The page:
Written Short Pieces

The purpose of this blogpost is to explain and describe the by which I write and create my series of musical writing (scores) named “Written Short Pieces”. The first thing to mention in this regard is the underlaying structure or method of generation. First and foremost, the way I go about the creating of my these pieces is intuitive rather than analytical. What this means is that it is nothing like a predetermined or preconceived row/ pattern of chords or chordal structures, which is then used as a starting point for a series of melodic and rhythmic deductions and expansions (like in traditional harmony for instance). So, what do I mean by “intuitive”?

I usually go about creating in the following manner( the process I use is more akin to habits and rules of thumb, than to a method or methodology in the strict understanding of the term) : 

I have a vague idea of what I want to accomplish. This vague idea is best characterised, I think, as something like a “mood” or “vision” of what it is I want to create, or the way I want to go with the piece. This is nothing definite, though. As I write and the piece materialises so does the contour of the idea I had successively solidify to something concrete and definitive.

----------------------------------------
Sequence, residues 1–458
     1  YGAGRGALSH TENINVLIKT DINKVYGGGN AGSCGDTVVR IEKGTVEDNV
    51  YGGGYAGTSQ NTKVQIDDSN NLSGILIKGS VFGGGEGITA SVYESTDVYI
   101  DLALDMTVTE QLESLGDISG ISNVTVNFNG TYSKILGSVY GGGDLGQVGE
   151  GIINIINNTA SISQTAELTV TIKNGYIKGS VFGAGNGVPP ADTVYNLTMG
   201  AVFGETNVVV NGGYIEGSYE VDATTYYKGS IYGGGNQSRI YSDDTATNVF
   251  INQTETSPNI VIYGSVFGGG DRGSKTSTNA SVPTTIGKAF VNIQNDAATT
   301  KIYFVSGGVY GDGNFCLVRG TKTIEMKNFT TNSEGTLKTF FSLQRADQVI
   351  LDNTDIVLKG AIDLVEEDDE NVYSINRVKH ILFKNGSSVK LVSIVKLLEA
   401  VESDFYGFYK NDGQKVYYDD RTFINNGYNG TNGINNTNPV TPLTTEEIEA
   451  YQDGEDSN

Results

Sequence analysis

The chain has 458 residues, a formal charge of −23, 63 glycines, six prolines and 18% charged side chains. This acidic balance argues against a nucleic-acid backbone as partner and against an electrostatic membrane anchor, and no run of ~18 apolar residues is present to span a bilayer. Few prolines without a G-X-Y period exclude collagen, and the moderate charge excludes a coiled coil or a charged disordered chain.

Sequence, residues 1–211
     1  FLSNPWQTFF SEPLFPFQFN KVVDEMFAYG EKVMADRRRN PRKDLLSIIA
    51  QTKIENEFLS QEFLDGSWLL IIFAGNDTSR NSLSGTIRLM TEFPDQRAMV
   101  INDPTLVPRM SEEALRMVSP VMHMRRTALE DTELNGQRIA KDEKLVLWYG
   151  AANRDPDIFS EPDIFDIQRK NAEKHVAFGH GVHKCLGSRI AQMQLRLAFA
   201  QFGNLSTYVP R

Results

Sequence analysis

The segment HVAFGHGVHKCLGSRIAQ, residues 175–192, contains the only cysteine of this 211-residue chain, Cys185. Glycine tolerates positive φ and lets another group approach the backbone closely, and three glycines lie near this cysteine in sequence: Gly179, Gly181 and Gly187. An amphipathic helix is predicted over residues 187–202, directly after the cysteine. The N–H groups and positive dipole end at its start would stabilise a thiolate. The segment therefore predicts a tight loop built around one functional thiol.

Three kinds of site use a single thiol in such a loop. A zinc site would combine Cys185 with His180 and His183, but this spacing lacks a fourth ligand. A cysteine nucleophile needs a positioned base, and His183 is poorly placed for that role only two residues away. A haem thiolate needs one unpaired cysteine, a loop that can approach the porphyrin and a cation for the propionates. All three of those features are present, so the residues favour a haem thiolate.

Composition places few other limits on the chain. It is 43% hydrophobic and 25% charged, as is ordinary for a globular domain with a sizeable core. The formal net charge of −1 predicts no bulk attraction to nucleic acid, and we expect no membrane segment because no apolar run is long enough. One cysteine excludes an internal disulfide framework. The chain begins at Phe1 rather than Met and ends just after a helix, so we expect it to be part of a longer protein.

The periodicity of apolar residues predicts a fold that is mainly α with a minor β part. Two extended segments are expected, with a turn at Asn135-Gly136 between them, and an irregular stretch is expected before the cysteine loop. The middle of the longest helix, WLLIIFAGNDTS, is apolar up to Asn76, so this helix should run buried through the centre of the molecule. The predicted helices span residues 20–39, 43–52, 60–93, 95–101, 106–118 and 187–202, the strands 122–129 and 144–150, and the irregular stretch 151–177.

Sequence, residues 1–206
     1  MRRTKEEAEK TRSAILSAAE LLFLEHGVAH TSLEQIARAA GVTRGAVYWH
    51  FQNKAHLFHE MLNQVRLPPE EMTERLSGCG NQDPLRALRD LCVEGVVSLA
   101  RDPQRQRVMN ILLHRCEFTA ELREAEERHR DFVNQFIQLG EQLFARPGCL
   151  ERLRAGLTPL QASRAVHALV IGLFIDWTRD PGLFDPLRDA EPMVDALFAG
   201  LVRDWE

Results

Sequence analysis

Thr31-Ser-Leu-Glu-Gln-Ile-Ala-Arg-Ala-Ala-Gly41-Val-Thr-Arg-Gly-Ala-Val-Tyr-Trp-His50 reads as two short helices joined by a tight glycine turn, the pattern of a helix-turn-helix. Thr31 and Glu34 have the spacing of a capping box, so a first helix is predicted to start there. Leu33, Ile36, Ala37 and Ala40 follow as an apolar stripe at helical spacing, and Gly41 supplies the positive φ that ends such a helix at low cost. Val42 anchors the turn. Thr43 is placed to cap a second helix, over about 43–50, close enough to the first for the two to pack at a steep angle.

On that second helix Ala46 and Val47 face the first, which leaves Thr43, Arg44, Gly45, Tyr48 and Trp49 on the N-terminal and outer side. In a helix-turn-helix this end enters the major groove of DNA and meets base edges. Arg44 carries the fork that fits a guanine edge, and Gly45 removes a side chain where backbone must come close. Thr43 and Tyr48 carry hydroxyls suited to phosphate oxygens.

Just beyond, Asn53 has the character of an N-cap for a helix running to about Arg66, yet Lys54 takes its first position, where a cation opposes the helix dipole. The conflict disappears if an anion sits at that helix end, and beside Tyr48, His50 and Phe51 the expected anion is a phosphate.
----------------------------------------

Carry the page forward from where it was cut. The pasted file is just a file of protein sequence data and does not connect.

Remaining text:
“The Process is Intuitive, rather than Analytical”

My vague idea is structured around a loosely defined core concept, which means that I try to keep the compositions somewhat structured, around this concept as to prevent them from being flaky and lack any definite character. And thus in the process of writing generating the pieces compositional inner logic (this intuitively generated logic, can then of course later be used as a starting point for the creation of a new piece from the old one using analytical and deductive methods: or further creation using the intuitive method). The method I most often employ to keep the compositions structured are; variations and repetitions of themes and phrases throughout the piece. The “Written Short Pieces” series is also characterised by a minimal use of “determinators” like dynamics and other musical terms and markings making the musical instructions precise. This is by design. It makes the pieces more “open”, both to reader and to performers when imagining or enacting the music contained within the writing.


Intuitive generation in the manner which I have described it NOT to be confused with musical improvisation. Although these short written compositions are complete works in themselves, they also serve as a codified repository of musical ideas, phrases and motifs, I can use when composing longer and more elaborate works in the future.